Other Projects


The Bicentennial park is one of the projects presented by the president Felipe Calderón: an ecological work inspired because of the Bicentennial of Mexico. The project is in the Stage of construction. The park will be integrated by Interactive museums, Audiences outdoors, sports fields, bicycling paths, children's games, areas for persons of the third age, pedestrian zones, besides many green areas. Is important to notice that this Project is to foment the cultural health in Mexicans, and particularly of the inhabitants of Azcapotzalco, Michael Hidalgo and part of the municipalities conurbados of the State of Mexico, the works are realized by the highest conditions of sanitary and environmental safety. The government has invested over two billion pesos. The president declared that this is an important project for the Mexican people because it is an environmental, urban and social park.[26][27]


The chief of government of the Federal District, Marcelo Ebrard, was one of the persons presented in the inauguration of the pedestrian corridor in the street of Francisco I, located in the Center Históric. The chief of government of the Federal District describe those corridor as one of the most important of the city, this was a perfect example of how important is to recover public spaces. The secretary of Urban Development and Housing, Philip Leal, said that the project of peatonalización had an investment of almost 30 million. In they installed 130 new lights, 12 bankings, three modules of newspaper and 120 bolardos.[28]


Project presented by 24 young Mexican architects. Cesar Perez Becerril was the head of the Project. Monument that will be raised on Walk of the Reform, at a height of the gratings of The Lions, of Chapultepec's Forest. This monument represents every fight and difficulty for which Mexico has happened. But always looking this way above at our dreams as Mexicans. Not forgetting our past but if seeing to the future.[29]

Cultural projects

Highlighted among the many projects designed exhibits of pre-Hispanic, Spanish, modern and contemporary Mexican art at the most important capitals of the world, historic routes, shows, publications, seminars, the opening of 10 new archeological sites, maintenance to the country's most important pre-Hispanic sites and the remodeling of thirty museums. This work involves a complex museography and the consolidation of historic buildings in six states to commemorate the Independence and historic buildings in eight states to commemorate the Revolution, with a budget of over 300 million pesos.[1]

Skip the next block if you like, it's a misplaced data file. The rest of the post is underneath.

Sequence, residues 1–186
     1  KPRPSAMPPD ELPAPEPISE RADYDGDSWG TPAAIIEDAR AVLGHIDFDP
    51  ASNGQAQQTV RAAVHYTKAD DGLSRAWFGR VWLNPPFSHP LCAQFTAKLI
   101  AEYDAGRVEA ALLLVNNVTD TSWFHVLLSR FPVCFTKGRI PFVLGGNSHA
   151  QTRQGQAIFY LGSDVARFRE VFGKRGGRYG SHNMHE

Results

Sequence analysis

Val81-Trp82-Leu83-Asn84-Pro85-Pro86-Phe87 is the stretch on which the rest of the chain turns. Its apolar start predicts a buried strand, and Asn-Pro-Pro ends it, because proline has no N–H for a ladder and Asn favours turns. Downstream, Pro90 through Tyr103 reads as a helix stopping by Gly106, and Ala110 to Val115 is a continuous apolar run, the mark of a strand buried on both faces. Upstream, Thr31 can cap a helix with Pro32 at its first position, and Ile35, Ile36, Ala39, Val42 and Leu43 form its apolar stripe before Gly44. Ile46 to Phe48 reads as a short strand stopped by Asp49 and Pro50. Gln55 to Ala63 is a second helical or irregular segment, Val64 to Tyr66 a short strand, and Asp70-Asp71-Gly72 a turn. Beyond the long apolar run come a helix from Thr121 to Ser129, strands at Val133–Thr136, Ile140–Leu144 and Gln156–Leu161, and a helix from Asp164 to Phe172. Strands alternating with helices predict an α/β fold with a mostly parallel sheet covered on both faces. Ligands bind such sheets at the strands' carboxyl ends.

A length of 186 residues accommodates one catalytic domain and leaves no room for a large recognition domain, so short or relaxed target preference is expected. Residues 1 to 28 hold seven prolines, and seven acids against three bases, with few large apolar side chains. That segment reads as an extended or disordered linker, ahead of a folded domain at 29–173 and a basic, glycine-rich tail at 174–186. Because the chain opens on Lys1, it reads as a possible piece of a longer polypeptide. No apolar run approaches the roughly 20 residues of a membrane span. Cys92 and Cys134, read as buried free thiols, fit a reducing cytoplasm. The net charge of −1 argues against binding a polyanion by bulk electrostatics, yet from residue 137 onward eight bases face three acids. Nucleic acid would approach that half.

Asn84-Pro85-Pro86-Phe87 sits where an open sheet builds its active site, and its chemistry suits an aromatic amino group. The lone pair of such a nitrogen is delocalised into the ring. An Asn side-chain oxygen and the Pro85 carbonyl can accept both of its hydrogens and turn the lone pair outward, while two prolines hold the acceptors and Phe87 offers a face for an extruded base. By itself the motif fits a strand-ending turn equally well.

TV & movie projects

The television network Televisa is producing a historical "television-novel" to commemorate the Bicentennial, which will be titled "Senda de gloria" or "Path of Glory." It is produced with the cooperation of the Office of the President of Mexico.[30] More academically, one of the major projects is the publication of a fourteen-volume work discussion how Mexico has arrived at the 21st century, written by more than 100 researchers from the El Colegio de México. One of the volumes is a Dictionary of the Spanish of Mexico, another is an analysis of Mexico's condition in the 21st century and a number are devoted to the history of each of the states and the economy of the country.[21]

Another production of Televisa group is the television-novel called "Gritos de muerte y libertad" based in the Mexican history with the objective of commemorating. This production was supported by recognized historians like Héctor Aguilar Camín, Javier García Diego, Enrique Flores Cano and Rafael Rojas. The production by thirteen chapters with the collaboration of actors like Alejandro Tommasi and Diego Luna. It was premiered on 30 August and ended on 16 September and it was well received by critics, counting with a good budget and showing different parts of the country like Texcoco, Dolores Hidalgo and Guanajuato. [31]

One of the biggest projects are the "Bicentennial Olympics". It consists of a series of sporting events, swimming,table tennis and basketball. The inauguration was in Reforma Avenue in Mexico City. Michael Phelps was invited to a race in the inauguration of this Olympics, as well as many other famous and important athletes.

As part of the commemorations of the Bicentennial of Independence and the Mexican Revolution, the Mexican Navy has a traveling exhibition of these topics. The exhibition began on 7 January in the city of Querétaro where through screens are various topics such as stages of the movement of 1810, which shows the various campaigns of the priest Miguel Hidalgo y Costilla and many other characters involved in this movement.

Museum Exhibits